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Guaranteed Auto Protection Plans (GAP) may be offered to you when you buy a new car. GAP protection covers the difference between what the consumer's insurance pays when a vehicle is totaled or stolen and not recovered and the amount the consumer owes to the bank, sales finance company, or lessor. The cost of the plan must be properly disclosed and be optional or the cost must be included in the finance charge.
Once upon a time, there was not a lot of need for such protection. Buyers customarily paid 1/3 of the cost of the vehicle as a down payment. Because of the large down payment, it was not likely that a "Gap" would ever develop and if it did, it was not likely to be a significant amount.
Now, however, with leasing programs offering low up-front costs and longer term financing programs permitting customers to finance everything, including the floor mats and the tags, it is much more likely that a "Gap" event will occur when there's a total loss and that the amount of the "Gap" will amount to real money.
There are still provisions in GAP agreements making them not eligible for finance agreements where less than 80% of MSSRP for a new vehicle or NADA average retail value for a used vehicle is financed.
In some states, such as Indiana, each GAP program must be approved by the Department of Financial Institutions to be offered as an additional charge.
Programs approved generally have a 30 to 60 day "free look period" allowing the consumer to cancel the program if they get home and decide they don't want it.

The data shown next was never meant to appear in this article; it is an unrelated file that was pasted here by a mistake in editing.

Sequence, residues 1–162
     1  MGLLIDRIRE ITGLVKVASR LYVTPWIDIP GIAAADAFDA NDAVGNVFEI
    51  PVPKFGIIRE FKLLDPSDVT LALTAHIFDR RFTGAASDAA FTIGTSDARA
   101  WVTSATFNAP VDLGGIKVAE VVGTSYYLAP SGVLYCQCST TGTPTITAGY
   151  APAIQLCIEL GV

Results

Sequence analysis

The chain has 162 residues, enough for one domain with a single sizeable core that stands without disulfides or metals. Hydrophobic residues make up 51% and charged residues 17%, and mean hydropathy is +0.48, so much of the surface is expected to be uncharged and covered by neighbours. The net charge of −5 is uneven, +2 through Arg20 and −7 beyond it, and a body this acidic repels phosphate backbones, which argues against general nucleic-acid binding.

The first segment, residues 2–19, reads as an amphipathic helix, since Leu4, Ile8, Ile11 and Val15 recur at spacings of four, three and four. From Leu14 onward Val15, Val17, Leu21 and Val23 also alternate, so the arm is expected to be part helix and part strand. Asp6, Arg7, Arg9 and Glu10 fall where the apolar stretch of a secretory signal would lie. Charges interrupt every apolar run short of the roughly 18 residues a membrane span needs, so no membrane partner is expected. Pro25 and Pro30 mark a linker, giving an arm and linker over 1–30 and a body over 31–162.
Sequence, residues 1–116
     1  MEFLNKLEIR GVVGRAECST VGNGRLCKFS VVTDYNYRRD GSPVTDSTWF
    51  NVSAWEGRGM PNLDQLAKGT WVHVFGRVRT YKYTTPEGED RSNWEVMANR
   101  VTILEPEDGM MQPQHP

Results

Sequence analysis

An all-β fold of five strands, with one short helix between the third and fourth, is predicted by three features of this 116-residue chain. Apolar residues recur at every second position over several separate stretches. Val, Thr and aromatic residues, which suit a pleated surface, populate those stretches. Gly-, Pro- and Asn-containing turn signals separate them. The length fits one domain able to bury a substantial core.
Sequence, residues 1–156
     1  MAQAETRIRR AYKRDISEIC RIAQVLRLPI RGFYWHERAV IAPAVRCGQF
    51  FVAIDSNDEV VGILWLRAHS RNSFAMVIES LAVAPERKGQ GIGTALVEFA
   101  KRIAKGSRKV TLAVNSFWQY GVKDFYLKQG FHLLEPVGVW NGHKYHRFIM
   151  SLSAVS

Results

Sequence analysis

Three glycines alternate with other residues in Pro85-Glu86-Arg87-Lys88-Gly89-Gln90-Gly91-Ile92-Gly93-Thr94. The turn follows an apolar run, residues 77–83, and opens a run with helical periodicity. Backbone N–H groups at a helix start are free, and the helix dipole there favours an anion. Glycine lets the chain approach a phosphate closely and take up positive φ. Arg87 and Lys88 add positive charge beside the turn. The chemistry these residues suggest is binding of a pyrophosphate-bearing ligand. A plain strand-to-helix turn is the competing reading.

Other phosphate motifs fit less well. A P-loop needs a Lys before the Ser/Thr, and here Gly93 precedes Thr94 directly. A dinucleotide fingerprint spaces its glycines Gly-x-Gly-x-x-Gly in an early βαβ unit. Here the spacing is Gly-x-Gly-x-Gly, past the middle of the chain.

Some programs allow for a rebate of the GAP cost if the account is prepaid in full. The rebate is usually on the Rule of 78s basis. See Web Site on Rule of 78s.
Costs of the programs range from $225 to $420 with an average cost of around $375-$390 depending on the various provisions of the programs.
In other states, GAP is an insurance product and is handled the same as credit life and disability insurance products.
Who Backs the Program?
The approved GAP program is backed by a contractual liability policy with an insurance company.
What is Covered and Not Covered?
Your auto must be a total loss or stolen and not recovered for the GAP program to cover the "GAP" between the balance owed on the auto and what your auto insurance pays for the loss.
Most programs cover the consumer's deductible up to $500 to $1,000.
There also may be a cap on the amount they will pay out, such as $50,000.
When your auto is a total loss or stolen and not retrieved, you should notify the dealer who placed your GAP agreement on your contract.
The dealer will contact the GAP provider or have you contact the GAP provider regarding the loss.
If you're told you must purchase a GAP contract to qualify for financing or that it is a requirement, the cost of the GAP program cannot be an additional charge and must be included in the finance charge and reflected in the disclosed Annual Percentage Rate. The program must be optional to be an allowed additional charge.
If you decide to buy a GAP product through a car dealership — the agreement is backed by an administrator and/or a third party — make sure the dealer forwards your payment and gives you written confirmation. Contact your state agency that regulates the GAP product if you have reason to believe that your GAP program wasn't put into effect as agreed.
So, what do you do when the GAP salesperson comes calling? Proceed with caution. Before you sign on the dotted line, get a full review of the program and its cost, and make sure your downpayment or trade-in is low enough to result in a "Gap."
Some companies provide extra coverage in their standard policies for the “GAP.” They may add 10% to your collision premium to pay up to 25% more than the car’s depreciation value. If you purchased a new car, some insurers will pay the full cost to buy a new car if you total your car within the first year and have driven less than 15,000 miles at no extra charge. Other companies may charge a flat fee of $14 to $20 per year for the coverage.